Is cost of cutting back NIH conflict rule worth the savings?
Late last summer, the Association of American Medical Colleges attempted at the eleventh hour to significantly weaken proposed rules to tighten up conflict of interest policies for NIH-funded biomedical research.
Now the rule, which would require institutions to collect and report more information about their investigators’ financial ties to drug and device companies, is facing threats from another corner, as OMB trawls the regulation fountain for small savings.
But looking to detooth or block conflict of interest regs isn’t the answer. We know from ProPublica‘s review of company payments and other recent reports that big dollars from pharmaceutical companies are still flowing into the hands of clinicians, who are often also publicly-funded researchers. And we know from a series of Senate and media investigations that the current honor system of requiring researchers to report conflicts with the drug industry is broken in big ways.
The new rule would help fix that by creating common protocols and measurements, helping to ensure all NIH-funded institutions are reporting and managing COIs in the same basic way.
The AAMC and AAU’s earlier attempt to weaken the NIH proposal illustrates the difficulty an association that represents so many institutions can have setting a high bar, and there’s sometimes a tendency to recede to the lowest common denominator.
Indeed, many academic medical centers have been very proactive in taking steps to better manage the potential financial conflicts of their faculty. But the Senate’s investigation revealed many medical schools were guilty of lax oversight, and this would help them avoid similar problems in the future.
Recent sanctions of some high profile researchers at the center of the conflict of interest storm, including a prominent group of Harvard psychiatrists, remind us why NIH proposed the new rule in the first place, and of the potential costs of not changing them.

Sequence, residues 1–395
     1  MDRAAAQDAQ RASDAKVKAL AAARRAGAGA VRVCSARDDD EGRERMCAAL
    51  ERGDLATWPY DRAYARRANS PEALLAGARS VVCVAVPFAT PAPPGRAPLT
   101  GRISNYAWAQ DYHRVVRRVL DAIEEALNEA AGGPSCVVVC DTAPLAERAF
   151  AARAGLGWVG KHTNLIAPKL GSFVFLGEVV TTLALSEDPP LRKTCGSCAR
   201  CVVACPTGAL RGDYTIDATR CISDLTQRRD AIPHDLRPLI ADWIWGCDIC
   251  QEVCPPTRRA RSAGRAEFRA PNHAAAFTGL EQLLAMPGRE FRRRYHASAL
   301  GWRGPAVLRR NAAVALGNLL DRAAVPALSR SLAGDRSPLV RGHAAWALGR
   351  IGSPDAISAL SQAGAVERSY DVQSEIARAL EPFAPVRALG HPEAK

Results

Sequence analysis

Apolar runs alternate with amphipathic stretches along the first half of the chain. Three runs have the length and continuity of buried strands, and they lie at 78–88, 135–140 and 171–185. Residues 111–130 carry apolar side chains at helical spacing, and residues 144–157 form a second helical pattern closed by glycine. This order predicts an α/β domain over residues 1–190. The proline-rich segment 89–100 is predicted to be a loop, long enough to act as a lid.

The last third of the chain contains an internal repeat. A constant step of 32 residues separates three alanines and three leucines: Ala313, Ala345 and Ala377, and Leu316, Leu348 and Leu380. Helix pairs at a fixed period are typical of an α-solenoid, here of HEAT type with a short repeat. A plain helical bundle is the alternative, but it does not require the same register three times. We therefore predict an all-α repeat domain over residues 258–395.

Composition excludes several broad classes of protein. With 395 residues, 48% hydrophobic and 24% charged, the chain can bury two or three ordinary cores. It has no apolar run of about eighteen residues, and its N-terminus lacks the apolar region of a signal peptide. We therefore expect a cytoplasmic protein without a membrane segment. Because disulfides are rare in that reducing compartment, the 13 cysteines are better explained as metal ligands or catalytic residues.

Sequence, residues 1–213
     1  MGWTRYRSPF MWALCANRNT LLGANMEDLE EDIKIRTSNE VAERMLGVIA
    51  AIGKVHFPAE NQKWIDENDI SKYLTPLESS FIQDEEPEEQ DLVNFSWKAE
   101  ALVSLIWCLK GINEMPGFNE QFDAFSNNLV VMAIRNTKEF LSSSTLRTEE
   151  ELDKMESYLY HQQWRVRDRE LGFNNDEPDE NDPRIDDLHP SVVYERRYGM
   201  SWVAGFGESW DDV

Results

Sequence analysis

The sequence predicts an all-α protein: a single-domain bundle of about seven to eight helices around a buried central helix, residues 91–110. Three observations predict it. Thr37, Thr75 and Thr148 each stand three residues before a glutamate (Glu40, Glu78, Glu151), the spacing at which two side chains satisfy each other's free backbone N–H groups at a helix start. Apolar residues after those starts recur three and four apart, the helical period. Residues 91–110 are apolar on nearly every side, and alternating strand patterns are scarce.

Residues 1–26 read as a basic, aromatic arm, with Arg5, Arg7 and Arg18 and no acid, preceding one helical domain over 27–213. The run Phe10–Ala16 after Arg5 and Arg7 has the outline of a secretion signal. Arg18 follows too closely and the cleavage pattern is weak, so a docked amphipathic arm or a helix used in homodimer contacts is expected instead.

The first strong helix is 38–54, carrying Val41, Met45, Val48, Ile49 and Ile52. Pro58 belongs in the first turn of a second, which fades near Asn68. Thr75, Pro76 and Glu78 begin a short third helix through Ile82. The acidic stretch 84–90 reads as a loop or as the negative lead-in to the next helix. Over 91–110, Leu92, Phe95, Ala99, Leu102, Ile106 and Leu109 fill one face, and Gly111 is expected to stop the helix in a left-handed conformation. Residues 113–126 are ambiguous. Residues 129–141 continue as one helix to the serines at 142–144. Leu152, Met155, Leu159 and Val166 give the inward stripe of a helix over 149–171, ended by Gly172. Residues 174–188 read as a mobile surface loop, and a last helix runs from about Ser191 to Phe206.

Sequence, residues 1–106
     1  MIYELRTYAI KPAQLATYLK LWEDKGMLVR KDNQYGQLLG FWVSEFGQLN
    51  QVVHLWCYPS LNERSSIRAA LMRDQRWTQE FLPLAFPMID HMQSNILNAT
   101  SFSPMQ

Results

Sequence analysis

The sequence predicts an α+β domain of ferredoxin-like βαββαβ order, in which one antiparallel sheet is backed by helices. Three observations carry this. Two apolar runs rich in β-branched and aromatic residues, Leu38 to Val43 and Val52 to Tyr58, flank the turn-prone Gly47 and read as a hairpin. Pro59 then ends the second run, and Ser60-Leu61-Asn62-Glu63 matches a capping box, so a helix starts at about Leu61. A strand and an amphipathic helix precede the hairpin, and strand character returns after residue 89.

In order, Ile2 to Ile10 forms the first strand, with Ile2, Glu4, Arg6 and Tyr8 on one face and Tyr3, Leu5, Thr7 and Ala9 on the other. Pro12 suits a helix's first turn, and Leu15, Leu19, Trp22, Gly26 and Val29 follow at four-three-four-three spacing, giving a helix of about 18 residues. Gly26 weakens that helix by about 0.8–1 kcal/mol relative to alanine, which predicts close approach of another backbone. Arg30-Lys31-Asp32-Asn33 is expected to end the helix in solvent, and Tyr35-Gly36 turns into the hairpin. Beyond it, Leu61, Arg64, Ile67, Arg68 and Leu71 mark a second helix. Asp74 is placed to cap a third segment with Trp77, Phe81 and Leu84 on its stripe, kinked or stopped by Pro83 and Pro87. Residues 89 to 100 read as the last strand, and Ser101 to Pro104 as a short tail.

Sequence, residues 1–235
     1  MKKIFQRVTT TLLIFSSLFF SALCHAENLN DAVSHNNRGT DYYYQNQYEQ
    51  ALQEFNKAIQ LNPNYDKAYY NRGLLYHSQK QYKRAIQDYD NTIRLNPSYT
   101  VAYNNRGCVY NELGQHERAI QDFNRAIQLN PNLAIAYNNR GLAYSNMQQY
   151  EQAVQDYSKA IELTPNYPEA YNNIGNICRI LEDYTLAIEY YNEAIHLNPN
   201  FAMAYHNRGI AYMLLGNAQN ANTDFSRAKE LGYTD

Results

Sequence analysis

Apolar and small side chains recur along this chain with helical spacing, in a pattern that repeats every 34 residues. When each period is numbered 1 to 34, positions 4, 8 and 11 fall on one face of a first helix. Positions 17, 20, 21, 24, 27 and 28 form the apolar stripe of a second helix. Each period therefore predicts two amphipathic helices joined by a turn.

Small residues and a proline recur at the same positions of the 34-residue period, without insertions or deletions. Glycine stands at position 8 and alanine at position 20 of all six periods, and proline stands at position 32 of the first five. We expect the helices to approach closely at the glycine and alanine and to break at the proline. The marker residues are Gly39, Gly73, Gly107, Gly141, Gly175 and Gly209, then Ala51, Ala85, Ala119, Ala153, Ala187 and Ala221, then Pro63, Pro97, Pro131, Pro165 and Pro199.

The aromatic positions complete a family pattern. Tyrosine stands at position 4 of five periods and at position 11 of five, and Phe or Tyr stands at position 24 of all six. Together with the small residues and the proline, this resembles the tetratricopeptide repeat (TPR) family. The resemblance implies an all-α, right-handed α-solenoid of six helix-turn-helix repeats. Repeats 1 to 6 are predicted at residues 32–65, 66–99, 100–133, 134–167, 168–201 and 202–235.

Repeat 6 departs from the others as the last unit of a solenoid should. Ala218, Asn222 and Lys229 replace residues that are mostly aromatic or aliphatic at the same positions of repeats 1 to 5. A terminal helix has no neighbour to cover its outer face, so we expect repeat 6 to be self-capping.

Harvard psychiatrist Joseph Biederman contributed to a 40-fold increase in pediatric bipolar diagnoses between 1994-2003, running NIH-funded research even as he was on the payroll of the companies whose drugs he was studying – netting $1.6 million from the drug industry from 2000-2007 alone. He urged one company to fund a Harvard research center “to move forward [its] commercial goals.”
The explosion of pediatric bipolar treatment is a part of a larger rise of mental health diagnosis and treatment. One in 10 Americans over age six now take an anti-depressant, and the newer class of atypical antipsychotics—about which relatively little is known—is now the top-selling drug class in America.
So how much has this high-stakes blurring of the line between research and marketing cost us?
In its assessment of the new rule, HHS estimates that it will take an institution one hour to review an investigator’s conflict, and two hours a year for an investigator to adhere to the reporting rules. It estimates only an incremental cost for institutions to post the information to a public website, since all of them already have such websites.
So how much is it worth to us to make sure that future leading-edge clinical science–which guides so much medical practice in this country–is done with transparency and objectivity? How much is it worth to improve a system that has clearly been ineffective in ensuring that taxpayer-funded pharmaceutical research is about good science, not good marketing opportunities?
The Administration would do well to calculate all this before watering down important reforms needed to ensure responsible use of taxpayer funds.
–Kate Petersen, PostScript blogger